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[pct-l] zip stoves, overuse ahd thru-hiking

Get serious folks. The recent tirade about zip stoves and fire regulations
has shown the lack of experience with the PCT (and with zip stoves) by most
of the posters. The majority of the posts concerned the alpine ban on fires
in some regions. The biggest area of this ban is along the high use JMT.
(big surprise!)

The Sequoia/KingsNP, YosemiteNP and InyoNF clearly state that reason for
the alpine fire ban is the scarcity of deadfall in the higher elevations,
combined with the high use (lots of folks who want to burn scarse wood).
They state that what little deadfall is there, needs to be left to decay
and provide sustenance to the remaining plant life.

The fire restrictions along the JMT section of the PCT are above 9600ft in
YNP, 10,000ft Muir/Ansel Adams Wilderness (INF) , KNP and 11,200 in the
SNP, in addition there are a few "High Use" areas, such as Tyndall Creek
that have also had fire restrictions imposed.

The alpine fire restrictions are not from fear of a wild fire. Only someone
who had never been there could even think that there was a chance of a
wildfire above 11,200 in Sequoia NP.

A through hiker would not probably not camp in areas where the fire
restriction was in effect because it is colder and harder to sleep at the
higher elevations. There is no point in sleeping below a snow covered pass
to get an early start climbing the next day since you need to wait till the
snow softens to get a foothold, and there is little point in stopping at a
higher elevation on the way down, since warmer, friendlier campsites are
waiting just below.

If a through hiker with a zip stove decided to cook up high, I don't think
anyone in authority would mind if he carried the fuel up with him; he
certainly would be in compliance with the reason for the regulation. If he
placed the stove on bare earth or on a rock in a campsite, there would be
no chance of damage to the plant life. Hell, he could probably find a fire
ring to set it in.

As far as rangers go, there is very little chance of a through hiker
running into one up high that late. The ranger won't be camping there, and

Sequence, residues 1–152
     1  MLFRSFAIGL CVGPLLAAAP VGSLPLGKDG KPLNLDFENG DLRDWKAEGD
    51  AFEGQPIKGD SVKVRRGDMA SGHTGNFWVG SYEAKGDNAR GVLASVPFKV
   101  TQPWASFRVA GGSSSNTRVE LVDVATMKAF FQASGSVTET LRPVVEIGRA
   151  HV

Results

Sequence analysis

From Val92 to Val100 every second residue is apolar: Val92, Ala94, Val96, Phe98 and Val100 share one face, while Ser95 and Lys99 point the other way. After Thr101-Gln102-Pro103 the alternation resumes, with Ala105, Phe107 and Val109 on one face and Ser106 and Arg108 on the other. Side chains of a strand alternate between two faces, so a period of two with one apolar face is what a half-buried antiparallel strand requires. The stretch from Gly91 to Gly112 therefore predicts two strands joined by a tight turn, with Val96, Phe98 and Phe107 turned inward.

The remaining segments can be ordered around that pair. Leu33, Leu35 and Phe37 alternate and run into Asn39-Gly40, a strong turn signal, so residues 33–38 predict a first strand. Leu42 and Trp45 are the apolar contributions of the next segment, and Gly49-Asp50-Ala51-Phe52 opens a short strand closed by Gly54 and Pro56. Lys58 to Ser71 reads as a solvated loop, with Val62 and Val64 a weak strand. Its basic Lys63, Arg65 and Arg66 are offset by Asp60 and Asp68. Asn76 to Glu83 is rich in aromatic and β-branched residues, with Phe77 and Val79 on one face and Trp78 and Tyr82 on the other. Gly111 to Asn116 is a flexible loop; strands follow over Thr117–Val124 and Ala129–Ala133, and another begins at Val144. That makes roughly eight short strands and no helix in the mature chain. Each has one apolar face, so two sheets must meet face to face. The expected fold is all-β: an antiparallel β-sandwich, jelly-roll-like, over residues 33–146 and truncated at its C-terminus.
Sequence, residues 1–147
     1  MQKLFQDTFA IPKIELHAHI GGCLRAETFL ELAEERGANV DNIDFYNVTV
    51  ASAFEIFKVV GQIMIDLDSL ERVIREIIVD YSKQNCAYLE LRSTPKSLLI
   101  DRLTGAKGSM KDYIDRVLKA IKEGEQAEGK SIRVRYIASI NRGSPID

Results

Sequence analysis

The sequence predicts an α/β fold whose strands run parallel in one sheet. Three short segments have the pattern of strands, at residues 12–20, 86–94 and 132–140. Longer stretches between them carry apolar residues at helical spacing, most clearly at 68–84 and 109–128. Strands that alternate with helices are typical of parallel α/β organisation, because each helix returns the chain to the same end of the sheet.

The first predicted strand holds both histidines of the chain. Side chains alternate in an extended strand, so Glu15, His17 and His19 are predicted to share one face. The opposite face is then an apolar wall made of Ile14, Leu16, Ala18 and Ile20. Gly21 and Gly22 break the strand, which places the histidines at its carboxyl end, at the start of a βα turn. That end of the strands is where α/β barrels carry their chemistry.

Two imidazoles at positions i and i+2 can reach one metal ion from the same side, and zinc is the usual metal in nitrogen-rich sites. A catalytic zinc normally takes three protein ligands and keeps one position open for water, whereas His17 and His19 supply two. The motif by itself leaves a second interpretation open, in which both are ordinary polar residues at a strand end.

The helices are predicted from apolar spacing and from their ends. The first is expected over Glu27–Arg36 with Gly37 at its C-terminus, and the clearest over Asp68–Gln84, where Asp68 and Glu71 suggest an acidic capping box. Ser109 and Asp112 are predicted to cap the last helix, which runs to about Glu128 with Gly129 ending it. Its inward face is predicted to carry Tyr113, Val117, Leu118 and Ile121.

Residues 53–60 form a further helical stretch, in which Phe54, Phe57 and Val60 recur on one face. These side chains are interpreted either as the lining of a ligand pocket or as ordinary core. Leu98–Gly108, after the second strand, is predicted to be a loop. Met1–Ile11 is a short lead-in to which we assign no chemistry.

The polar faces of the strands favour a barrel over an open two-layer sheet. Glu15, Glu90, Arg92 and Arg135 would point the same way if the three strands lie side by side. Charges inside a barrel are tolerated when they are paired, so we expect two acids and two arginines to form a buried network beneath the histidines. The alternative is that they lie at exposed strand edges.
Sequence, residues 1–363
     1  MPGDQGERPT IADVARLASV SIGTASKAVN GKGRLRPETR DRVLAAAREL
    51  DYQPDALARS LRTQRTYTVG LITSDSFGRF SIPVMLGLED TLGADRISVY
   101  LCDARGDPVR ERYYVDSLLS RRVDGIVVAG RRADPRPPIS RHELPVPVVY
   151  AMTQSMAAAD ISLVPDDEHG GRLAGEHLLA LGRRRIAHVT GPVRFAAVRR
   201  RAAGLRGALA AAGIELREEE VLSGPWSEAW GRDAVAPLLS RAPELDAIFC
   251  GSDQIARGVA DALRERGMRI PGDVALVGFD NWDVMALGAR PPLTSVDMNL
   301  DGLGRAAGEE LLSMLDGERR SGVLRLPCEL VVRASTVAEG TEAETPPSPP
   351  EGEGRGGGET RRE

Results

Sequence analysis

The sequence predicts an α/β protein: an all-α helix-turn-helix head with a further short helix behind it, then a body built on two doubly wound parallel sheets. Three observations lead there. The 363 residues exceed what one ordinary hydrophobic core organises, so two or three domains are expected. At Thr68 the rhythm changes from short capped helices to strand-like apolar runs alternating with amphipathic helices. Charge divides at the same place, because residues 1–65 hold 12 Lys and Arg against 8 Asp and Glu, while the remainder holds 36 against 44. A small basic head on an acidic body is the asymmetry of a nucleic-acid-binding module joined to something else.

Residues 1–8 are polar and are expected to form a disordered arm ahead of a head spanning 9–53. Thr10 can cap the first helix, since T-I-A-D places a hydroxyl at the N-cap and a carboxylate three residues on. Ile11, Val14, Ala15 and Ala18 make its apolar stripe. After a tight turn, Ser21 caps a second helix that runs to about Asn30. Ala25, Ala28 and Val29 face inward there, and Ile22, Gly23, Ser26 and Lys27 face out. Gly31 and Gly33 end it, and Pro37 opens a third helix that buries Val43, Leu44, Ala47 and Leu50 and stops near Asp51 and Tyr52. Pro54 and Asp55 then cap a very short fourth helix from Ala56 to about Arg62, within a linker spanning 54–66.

if a through hiker camps there, he will stop late and start early. At the
time when most through hikers are travelling through this section, the
rangers won't even be at their stations yet. The first place you are likely
to see a ranger is in Yosemite.(You might possibly meet one at the Mt
Whitney Trailhead if you go out that way to resupply). The technicality of
the strict interpretation of the rules just won't be a factor unless you do
something really stooopid like fire up your zip stove on the doorstep of a
rangers hut in an fire-restricted "high use" area.

The amount of fuel used to cook a meal in a zip stove is about what a
weekender burns in a campfire in 2 minutes. There is just not enough wood
burned to have a signficant impact. Some folks have a quasi religous hatred
of "campfires" that causes them to hate zip stove just on principal. They
aren't even in the same catagory as a campfire. Even Jardine in the second
edition of the Handbook mentions SMALL cooking fires as an alternative to

At the lower elevations there is plentifull firewood, as long as you look
more than 0.5 miles from the popular campsites.

Many of the regulations are in place to attempt to mitigate the over use
from the actions of typical "weekenders" that hike into a campsite close to
a trailhead, sit there in a group of 4 for 3 days clomping around in heavy
boots, crapping in the same place, having bon fires each night. Overuse is
a bad thing and should be prevented.

The impact of the through hiker is minimal: his craps are even 20 miles
apart, and he never stays camped for more than 8-10 hours anyway. He is
never in one place long enough to have much impact,

There are fire restrictions due to wildfire danger in other places, notably
the first 200 miles of the trail. I know that fires in BBQs are allowed in
most places in that region. I don't really see where a zip stove is any
different. Anyone who has used one knows that burning status of the ashes
in the stove are quite obvious by the time you put the stove away: flame or
no flame hot embers are still HOT. A conscientious hiker will have no
danger of starting a wildfire.

Flames sent to me privatley will be ignored. Flames sent on the list are
prohibited by the list charter. Polite dissenting opinions are always
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